National Institutes of Health (NIH) – Tertiary Bridge Control and system Re-Piping for the Building 10 Nuclear Magnetic Resonance (NMR)
NIH presented an issue with the tertiary pumping system that provides chilled water for the NMR in Building 10 Clinical Research Center in Bethesda, MD. Impyrian worked with NIH and determined that the NMR Facility tertiary bridge control valve was incorrectly installed on the supply side of the pumps, rather than the return side. Due to the current conditions, NIH could not properly maintain differential pressures and chilled water temperatures in this critical facility.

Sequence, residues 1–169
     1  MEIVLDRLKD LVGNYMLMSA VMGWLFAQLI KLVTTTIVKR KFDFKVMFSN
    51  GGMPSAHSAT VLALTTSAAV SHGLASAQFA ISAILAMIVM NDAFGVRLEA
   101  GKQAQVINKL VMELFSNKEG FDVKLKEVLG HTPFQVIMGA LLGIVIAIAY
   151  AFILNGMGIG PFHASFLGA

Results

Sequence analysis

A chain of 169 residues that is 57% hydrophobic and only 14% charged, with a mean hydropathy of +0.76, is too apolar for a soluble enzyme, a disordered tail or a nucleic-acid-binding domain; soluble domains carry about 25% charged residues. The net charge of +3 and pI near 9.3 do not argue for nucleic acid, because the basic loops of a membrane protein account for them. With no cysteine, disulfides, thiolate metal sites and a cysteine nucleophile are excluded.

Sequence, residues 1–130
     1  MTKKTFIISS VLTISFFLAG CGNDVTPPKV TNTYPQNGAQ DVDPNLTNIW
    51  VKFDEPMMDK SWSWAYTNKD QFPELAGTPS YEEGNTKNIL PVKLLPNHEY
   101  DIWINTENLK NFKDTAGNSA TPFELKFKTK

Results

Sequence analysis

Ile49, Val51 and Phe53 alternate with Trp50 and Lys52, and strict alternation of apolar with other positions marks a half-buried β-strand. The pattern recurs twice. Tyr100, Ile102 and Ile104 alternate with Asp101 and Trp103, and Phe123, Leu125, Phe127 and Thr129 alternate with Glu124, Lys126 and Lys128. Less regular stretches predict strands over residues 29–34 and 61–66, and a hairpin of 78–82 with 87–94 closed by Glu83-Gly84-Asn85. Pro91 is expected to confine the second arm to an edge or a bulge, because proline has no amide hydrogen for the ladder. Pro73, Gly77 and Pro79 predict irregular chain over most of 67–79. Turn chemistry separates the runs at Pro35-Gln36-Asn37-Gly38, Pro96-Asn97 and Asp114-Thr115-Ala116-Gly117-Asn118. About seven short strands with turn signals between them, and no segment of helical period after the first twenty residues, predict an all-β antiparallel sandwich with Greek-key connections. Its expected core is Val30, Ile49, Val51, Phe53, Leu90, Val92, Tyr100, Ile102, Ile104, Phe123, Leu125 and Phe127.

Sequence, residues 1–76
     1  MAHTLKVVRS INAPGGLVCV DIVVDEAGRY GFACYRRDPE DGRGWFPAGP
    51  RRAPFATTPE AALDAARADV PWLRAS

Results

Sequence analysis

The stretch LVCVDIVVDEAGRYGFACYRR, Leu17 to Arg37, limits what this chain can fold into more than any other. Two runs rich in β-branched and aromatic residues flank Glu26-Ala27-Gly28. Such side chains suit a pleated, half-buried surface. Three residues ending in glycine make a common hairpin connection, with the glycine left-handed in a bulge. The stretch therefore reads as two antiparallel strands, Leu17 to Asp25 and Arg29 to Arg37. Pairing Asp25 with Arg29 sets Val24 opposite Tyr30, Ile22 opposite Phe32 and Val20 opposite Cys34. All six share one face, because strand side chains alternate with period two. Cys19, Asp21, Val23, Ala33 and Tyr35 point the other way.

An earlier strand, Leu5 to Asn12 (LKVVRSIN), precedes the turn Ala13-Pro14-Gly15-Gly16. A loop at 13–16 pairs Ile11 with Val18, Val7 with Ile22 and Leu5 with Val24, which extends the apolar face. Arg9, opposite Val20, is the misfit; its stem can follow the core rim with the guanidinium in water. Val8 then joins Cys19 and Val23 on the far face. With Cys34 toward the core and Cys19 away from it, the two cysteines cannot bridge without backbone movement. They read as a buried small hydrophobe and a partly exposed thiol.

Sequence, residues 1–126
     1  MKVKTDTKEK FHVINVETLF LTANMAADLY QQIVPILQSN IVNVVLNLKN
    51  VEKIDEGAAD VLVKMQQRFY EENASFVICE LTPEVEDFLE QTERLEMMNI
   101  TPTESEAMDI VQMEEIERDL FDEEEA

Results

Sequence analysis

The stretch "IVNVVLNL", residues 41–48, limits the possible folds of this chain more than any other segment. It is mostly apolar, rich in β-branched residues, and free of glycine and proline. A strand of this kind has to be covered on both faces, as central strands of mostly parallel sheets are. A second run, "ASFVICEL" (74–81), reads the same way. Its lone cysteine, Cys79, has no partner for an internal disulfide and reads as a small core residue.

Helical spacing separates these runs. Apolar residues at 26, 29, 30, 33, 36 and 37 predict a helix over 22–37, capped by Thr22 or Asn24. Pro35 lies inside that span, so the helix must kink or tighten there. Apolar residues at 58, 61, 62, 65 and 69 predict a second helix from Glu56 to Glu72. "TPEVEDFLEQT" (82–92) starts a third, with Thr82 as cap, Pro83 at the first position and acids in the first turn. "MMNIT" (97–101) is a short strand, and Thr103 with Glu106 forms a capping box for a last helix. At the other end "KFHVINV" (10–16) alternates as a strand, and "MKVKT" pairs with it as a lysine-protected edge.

Additionally, Impyrian noted that the pipe sizing to the pumps needed to be increased due to the chilled water flows being higher than the maximum flow of the current pipe size. Impyrian developed a scope of work and rough order of magnitude pricing to NIH to correct the problem, which NIH subsequently turned into an RFP. Impyrian pre-fabricated much of the piping due to the magnets in the NMR and the stringent requirements for shutdown times in the facility. Impyrian was contracted as the Turnkey Design-Build Contractor. The scope involved providing a design for the new piping configuration as well as controls drawings and sequence of operations for the new control valve as well as installation of the new pipe configuration and installation of the new control valve. The scope also included full testing and commissioning of the systems. The new bridge return control valve was designed to control the temperature and limit the flow of water from the building tertiary piping to the secondary chilled water system. The new bridge control valve resulted in better building operations and energy efficiency for the critical space at NIH.